Users often experience a sense of euphoria or a “high”. Changes in time perception heightened sensory experiences, and altered spatial awareness are common. Short-term memory can be adversely affected. Motor skills and coordination may be impaired. Increased Appetite is often referred to as “the munchies”.
Persistent use can impact cognitive functions, particularly when used during adolescence. There are concerns about the impact on mental health, particularly in individuals predisposed to conditions like schizophrenia. While less common than with substances like alcohol or nicotine, dependency can occur with regular use.
Interaction between alcohol and cannabis leads to altered senses, mood changes, impaired body movement, difficulty with thinking and problem-solving, and impaired memory and learning. Studies have highlighted the synergistic effects of alcohol and cannabis, where coadministration results in increased impairment in behavioral and neurocognitive measures compared to a single use of either substance.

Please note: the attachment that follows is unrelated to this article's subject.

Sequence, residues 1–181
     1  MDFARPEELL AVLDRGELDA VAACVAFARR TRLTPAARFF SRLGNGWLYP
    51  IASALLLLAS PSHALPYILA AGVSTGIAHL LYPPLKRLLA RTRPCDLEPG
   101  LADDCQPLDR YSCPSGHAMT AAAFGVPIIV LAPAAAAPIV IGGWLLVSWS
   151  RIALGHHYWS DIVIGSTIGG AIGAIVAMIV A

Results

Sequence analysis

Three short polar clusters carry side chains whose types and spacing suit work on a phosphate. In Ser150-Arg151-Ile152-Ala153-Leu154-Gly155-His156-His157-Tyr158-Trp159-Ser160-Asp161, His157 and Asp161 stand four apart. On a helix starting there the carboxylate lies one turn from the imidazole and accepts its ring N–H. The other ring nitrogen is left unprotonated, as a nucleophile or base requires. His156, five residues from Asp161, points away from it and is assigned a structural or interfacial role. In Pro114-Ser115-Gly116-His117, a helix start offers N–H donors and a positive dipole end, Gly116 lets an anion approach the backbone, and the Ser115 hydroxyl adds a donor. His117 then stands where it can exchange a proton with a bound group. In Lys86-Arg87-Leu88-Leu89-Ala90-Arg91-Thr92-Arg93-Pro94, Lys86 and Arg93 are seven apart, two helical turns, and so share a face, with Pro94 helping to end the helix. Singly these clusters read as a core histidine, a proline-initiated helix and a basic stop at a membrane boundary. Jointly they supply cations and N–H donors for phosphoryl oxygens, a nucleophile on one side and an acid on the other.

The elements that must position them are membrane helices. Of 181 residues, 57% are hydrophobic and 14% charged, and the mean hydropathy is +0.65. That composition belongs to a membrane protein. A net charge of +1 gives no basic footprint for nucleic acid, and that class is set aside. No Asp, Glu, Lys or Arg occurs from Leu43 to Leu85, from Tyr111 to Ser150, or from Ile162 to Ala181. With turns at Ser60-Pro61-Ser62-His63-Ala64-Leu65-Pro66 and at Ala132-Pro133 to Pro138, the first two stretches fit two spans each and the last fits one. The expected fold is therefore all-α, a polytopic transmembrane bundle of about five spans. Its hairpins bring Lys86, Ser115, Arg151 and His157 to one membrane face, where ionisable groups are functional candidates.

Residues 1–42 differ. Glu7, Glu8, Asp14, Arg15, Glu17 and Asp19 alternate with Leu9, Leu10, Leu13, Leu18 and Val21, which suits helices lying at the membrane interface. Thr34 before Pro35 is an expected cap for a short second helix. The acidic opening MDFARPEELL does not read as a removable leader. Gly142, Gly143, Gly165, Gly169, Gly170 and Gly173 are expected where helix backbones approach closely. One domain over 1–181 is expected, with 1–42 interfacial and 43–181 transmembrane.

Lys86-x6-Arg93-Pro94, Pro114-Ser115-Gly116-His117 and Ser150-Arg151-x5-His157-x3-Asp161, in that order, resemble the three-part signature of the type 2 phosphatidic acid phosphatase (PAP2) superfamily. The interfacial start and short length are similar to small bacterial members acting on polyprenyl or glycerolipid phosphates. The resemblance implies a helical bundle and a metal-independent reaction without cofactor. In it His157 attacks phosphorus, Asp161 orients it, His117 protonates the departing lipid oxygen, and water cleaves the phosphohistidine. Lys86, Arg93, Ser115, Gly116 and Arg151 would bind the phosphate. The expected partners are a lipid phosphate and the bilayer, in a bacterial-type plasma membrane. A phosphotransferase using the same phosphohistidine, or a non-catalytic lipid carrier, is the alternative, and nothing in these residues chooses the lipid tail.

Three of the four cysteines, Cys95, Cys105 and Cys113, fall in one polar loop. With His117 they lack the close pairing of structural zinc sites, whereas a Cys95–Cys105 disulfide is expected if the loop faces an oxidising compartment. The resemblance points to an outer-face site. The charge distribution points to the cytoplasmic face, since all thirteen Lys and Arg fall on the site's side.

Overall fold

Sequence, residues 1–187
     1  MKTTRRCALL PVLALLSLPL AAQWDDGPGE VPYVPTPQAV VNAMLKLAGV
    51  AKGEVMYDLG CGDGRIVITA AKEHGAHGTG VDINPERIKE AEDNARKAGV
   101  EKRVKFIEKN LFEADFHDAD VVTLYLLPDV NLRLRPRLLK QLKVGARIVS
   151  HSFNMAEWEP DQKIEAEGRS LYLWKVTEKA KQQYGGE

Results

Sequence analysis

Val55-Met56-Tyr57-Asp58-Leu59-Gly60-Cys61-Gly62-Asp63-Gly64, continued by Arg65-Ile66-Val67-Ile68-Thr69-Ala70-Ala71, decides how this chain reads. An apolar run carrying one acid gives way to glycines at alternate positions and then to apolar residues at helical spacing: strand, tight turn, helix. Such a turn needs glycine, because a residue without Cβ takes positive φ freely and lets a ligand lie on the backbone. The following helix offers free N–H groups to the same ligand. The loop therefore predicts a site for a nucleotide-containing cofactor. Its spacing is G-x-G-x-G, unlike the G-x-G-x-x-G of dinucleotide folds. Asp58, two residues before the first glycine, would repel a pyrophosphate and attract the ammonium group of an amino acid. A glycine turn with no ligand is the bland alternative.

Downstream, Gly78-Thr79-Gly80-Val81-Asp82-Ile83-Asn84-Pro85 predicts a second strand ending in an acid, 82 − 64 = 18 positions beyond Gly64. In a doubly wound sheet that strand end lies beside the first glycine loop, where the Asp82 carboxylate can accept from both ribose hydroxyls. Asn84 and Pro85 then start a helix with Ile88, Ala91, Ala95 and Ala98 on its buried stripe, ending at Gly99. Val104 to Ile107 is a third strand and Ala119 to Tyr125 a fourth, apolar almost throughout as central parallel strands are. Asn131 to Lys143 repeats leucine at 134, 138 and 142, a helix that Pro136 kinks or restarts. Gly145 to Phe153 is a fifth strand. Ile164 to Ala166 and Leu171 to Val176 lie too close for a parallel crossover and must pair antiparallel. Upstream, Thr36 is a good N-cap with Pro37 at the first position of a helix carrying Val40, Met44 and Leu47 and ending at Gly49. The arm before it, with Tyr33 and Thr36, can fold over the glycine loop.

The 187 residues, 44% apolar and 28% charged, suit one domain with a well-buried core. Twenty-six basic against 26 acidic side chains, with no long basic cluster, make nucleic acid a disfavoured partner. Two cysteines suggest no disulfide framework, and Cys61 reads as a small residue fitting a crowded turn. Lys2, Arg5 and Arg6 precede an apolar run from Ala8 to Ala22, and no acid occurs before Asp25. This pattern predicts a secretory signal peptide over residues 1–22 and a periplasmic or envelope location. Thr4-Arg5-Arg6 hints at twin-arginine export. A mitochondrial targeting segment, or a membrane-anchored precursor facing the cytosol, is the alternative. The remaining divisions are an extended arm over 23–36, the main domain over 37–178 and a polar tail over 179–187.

Alcohol can increase THC absorption, meaning the psychoactive effects of cannabis can be felt more strongly and quickly. In the presence of alcohol, significantly higher levels of blood THC and its main active metabolite are detected, which may explain the increased impairment observed following coadministration of cannabis and alcohol.
Limited data is available regarding the acute influence of cannabis on the motivation to consume alcohol, though some studies suggest that cannabis, relative to placebo, acutely reduced the amount of alcohol consumed on a subsequent drinking task.
The synergistic effect of combination can lead to increased impairment and a higher likelihood of experiencing negative side effects:
- Impaired Coordination: Both substances impair motor coordination and reaction times, increasing the risk of accidents.
- Cognitive Impairment: Memory, attention, and decision-making can be significantly impaired.
- Anxiety and Paranoia: Some individuals may experience heightened anxiety or paranoia.
- Dehydration: Both alcohol and cannabis can lead to dehydration and dry mouth.